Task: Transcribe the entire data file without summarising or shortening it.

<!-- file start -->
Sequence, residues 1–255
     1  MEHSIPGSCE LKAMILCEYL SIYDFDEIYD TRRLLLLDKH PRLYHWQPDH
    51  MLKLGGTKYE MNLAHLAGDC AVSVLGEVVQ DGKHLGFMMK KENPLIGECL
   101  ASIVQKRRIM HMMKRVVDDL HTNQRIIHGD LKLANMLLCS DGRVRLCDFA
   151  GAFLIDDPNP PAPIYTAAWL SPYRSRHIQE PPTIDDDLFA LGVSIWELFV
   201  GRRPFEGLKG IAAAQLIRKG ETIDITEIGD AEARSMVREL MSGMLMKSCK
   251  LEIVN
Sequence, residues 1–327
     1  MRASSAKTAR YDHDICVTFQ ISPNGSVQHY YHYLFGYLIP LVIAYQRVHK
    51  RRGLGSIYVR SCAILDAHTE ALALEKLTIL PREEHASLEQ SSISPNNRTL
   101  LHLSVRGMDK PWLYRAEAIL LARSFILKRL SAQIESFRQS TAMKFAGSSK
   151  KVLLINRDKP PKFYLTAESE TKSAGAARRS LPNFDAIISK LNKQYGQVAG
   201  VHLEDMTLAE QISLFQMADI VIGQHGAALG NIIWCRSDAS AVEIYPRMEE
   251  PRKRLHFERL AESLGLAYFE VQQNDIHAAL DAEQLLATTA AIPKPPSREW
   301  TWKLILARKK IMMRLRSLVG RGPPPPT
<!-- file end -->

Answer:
Sequence, residues 1–255
     1  MEHSIPGSCE LKAMILCEYL SIYDFDEIYD TRRLLLLDKH PRLYHWQPDH
    51  MLKLGGTKYE MNLAHLAGDC AVSVLGEVVQ DGKHLGFMMK KENPLIGECL
   101  ASIVQKRRIM HMMKRVVDDL HTNQRIIHGD LKLANMLLCS DGRVRLCDFA
   151  GAFLIDDPNP PAPIYTAAWL SPYRSRHIQE PPTIDDDLFA LGVSIWELFV
   201  GRRPFEGLKG IAAAQLIRKG ETIDITEIGD AEARSMVREL MSGMLMKSCK
   251  LEIVN
Sequence, residues 1–327
     1  MRASSAKTAR YDHDICVTFQ ISPNGSVQHY YHYLFGYLIP LVIAYQRVHK
    51  RRGLGSIYVR SCAILDAHTE ALALEKLTIL PREEHASLEQ SSISPNNRTL
   101  LHLSVRGMDK PWLYRAEAIL LARSFILKRL SAQIESFRQS TAMKFAGSSK
   151  KVLLINRDKP PKFYLTAESE TKSAGAARRS LPNFDAIISK LNKQYGQVAG
   201  VHLEDMTLAE QISLFQMADI VIGQHGAALG NIIWCRSDAS AVEIYPRMEE
   251  PRKRLHFERL AESLGLAYFE VQQNDIHAAL DAEQLLATTA AIPKPPSREW
   301  TWKLILARKK IMMRLRSLVG RGPPPPT